Like others who have commente on HawthoRNe, I too feel the social worker character is very negative. I wanted to slap the character! I believe it’s a very danming reflection on our profession. The one time I met with a hospital social worker I was very pleased with her responsiveness and her willingness to help. Hollywood needs to do more reseach on what social workers do and how valuable we are to good, quality patient/ client care.
I really wanted to like this show, but I don’t and part of it is, yes, the negative and 2-dimensional portrayal of social workers. None of the characters have more than one side. Hawthorne is super-nurse who never makes a mistake and even though she has a contentious relationship with her daughter they are still close and she always makes the right decision. THe social worker is an automaton who isn’t willing to look outside the box help the patient the way that Hawthorne is. I don’t take the portrayals of social workers personally but I do worry that people who have limited or negative interactions with social workers will get a skewed idea of what we do or will have their beliefs confirmed that all social workers just want to break up families.
I watched Hawthorne and I liked it. I do agree that the social worker was shown to be the bad guy, however the reality is that some of us have to do what we are mandated to do. I don’t take this stuff personal, it is a movie. I have been told by a good friend that “all” social workers are jaded. I know that this is not true and I can lay down at night knowing the truth and that I am a compassionate, empathetic hard working professional who sometimes have to make decisions that people do not like.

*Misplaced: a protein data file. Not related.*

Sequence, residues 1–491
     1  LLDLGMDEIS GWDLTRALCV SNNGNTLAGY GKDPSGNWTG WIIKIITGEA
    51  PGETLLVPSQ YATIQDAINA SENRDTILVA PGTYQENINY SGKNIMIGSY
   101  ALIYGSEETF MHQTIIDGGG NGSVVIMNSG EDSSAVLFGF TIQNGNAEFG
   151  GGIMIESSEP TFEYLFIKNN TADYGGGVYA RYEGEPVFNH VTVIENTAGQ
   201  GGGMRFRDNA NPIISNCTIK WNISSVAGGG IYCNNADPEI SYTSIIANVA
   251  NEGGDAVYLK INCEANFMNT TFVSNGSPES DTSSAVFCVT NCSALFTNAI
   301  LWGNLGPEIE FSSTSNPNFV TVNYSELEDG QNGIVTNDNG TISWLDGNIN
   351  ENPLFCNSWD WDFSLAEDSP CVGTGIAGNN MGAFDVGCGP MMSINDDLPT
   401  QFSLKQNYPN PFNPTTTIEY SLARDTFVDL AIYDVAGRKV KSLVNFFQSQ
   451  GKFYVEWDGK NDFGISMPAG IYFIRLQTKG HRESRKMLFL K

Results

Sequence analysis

I have been concerned about this since I first watched the show. I know there has got to be a diversity of characters, but social workers already get a bad rap.
I was very disappointed with the episodes I watched, and particularly with the treatment of the social worker character. She is clearly cast as “the bad guy.” I have to say that Hawthorne’s character more often portrays a social worker than a nurse.
I wonder how nurses feel about the show.
It seems to me that the writers and producers of the show did not adequately research the “real-life” professions/job descriptions of nurses and social workers. If they had, I believe the roles of each would be more clearly defined.
T. J. Rutherford, MSW student
blogger for The New Social Worker (www.thenewsocialworker.com)
I watched Hawthorne today, two episodes actually. In the first episode I thought maybe they just had the Social Worker on this one episode seem like a cold hearted human, however even on the second episode she was still as cold as ever. Social workers are usually portrayed like this in cop shows but atleast cop shows allow the social worker more time on air to let us see that they are the way they are because of overwhelming workloads, this woman is just straight up mean in some cases and it really bothers me that they portray a social worker in this way, we are there to help not cause more problems.